I am happy to report that I am taking my own advice. I just plunked down cash I was planning to put into a savings account to whisk my husband off for a romantic vacation. I recently had an art deco bathroom with a Chanel red shower installed in our master bedroom; it’s impossible to be anything but optimistic in that cheerful spot. Not long ago I threw a Nancy Drew birthday party for my chum, Val, complete with costumes and a spectacular dinner from The Nancy Drew Cookbook; of course, I got to play Nancy.

I don’t wait for Christmas to give presents to friends; I bestow them all year round. I am the most generous and most extravagant on St. Swithun’s Day. I’ve told my husband of almost forty years that he’s never been sexier than when he’s bringing me my morning dose of Parkinson’s medicine (before these pills kick in, it’s difficult to walk).

“Bringing more joy into your life.” I remind my friends, “doesn’t always require that you become an heiress. It just means you have to be present to appreciate what’s already here. I am typing these words while an adorable cat sits happily purring on my lap. Bosque, my beautiful Buddha-like cat doesn’t increase my word processing speed, but he expands my heart and fills me with delight just by his very being. He is comprised of equal parts of unconditional love, heart and soul. When he stares at me with those beautiful eyes that look right through me, my health and well being seem to magically improve!

Look at beauty and magic of the world without your usual cynical lens. Do something you do routinely every day; only this time throw in some creativity and joy. Make an everyday dinner sparkle by spending some time setting a festive table. This has become a part of my routine and it becomes almost a meditative practice. Take a sunset walk with a friend and this time really concentrate on the beauty of the sunset and the unique qualities of your friend.

A true spiritual hobby/obsession is Birding which has the lovely ability to put you in a totally different space while viewing then world from a different and more serene perspective. One of the more spectacular places I try to go every year is the nearby Bosque del Apache National Wildlife Refuge in Socorro. I recorded one of my trips there in my journal “It’s 7 a.m. and the black sky is tuning orange-red. I hear the whooshing of hundreds of sand hill cranes and a few whooping cranes flying overhead in V formations. Once again, in spite of all my travails, I have hope that the world is still a beautiful and magical place.”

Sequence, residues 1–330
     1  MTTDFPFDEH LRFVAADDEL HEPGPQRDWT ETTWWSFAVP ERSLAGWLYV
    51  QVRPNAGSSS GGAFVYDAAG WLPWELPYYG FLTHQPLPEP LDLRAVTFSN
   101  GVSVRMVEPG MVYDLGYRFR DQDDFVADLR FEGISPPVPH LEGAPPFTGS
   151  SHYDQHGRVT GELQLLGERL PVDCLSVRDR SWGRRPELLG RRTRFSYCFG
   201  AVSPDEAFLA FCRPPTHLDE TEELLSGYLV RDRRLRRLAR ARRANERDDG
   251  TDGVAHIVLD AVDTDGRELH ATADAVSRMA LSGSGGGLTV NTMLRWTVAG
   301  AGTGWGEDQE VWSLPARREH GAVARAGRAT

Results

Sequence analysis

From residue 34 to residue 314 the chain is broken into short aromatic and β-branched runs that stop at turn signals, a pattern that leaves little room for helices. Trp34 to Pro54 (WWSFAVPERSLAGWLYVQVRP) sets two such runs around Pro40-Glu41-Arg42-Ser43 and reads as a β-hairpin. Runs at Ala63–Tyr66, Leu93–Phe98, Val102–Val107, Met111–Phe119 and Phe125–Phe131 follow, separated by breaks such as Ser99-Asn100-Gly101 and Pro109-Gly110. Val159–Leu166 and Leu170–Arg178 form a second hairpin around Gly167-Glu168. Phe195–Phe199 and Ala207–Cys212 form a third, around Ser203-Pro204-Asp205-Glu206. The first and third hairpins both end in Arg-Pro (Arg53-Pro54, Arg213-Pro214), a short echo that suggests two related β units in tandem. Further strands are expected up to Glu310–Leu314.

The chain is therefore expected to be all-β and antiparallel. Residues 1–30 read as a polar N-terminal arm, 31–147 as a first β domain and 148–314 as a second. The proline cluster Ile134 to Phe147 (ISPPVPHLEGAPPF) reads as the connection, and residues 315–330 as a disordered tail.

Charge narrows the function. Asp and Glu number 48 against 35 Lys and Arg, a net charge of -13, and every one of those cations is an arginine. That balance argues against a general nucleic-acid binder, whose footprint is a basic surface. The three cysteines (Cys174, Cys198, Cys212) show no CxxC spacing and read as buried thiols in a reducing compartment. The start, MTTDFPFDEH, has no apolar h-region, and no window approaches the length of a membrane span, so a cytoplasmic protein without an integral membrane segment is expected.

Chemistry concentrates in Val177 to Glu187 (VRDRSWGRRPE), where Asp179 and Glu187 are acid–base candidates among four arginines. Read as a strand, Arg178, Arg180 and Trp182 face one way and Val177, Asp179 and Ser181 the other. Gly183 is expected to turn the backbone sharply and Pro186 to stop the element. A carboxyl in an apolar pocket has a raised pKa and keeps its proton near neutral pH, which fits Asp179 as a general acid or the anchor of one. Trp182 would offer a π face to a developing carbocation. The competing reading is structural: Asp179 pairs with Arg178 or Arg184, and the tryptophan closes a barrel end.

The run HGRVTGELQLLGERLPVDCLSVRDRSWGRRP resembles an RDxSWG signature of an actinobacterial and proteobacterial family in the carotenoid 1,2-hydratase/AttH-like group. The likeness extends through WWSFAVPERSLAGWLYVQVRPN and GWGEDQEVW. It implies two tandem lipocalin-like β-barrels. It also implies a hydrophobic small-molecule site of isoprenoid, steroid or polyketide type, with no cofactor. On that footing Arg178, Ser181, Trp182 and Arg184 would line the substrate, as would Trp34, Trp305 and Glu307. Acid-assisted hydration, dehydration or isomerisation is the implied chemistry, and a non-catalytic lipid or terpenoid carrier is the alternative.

By writing about Parkinson’s, as well as campaigning for stem cell research and for more funding for Parkinson’s research, I am searching for meaning and a sense of purpose in my diagnosis. I am trying to remember that my mortality always remains ready to dial my number and that her message is that I should fill my life with as much laughter, whimsy, and joy as possible. I strive to view life as a glass all the way full. As Viktor E. Frankl, Professor of Neurology and Psychiatry at the University of Vienna and concentration camp survivor, reminds us in Man’s Search for Meaning: “It is not the events in our lives that determine who we become, but the meaning we choose to place on those events.”


  1. Thank you for sharing your journey and heart with us! Your words bring me renewed energy as I prepare to meet with my client who is in her own journey with this disease. She and I have been practicing yoga together for about 4 months. Every week that we meet, I remind myself to empty all notions of what I think she needs and allow her body to tell me when we're face to face. It always does. : ) Blessings, Angel

  2. Peggy-

    Your writing has always been full of humor but has never been richer than in this article. Thank you for writing it and for embracing the approach you are taking to life with Parkinson's. I look forward to reading more of your wit and wisdom, and as a newly turned 60 something, will take it to heart!

    Daryl Black

  3. Your writing has always been full of wit and life, but never has it been richer than in this article concerning Parkinson's. Your approach to life with the disease is inspiring and will certainly inspire others. I hope you will continue to blog about it.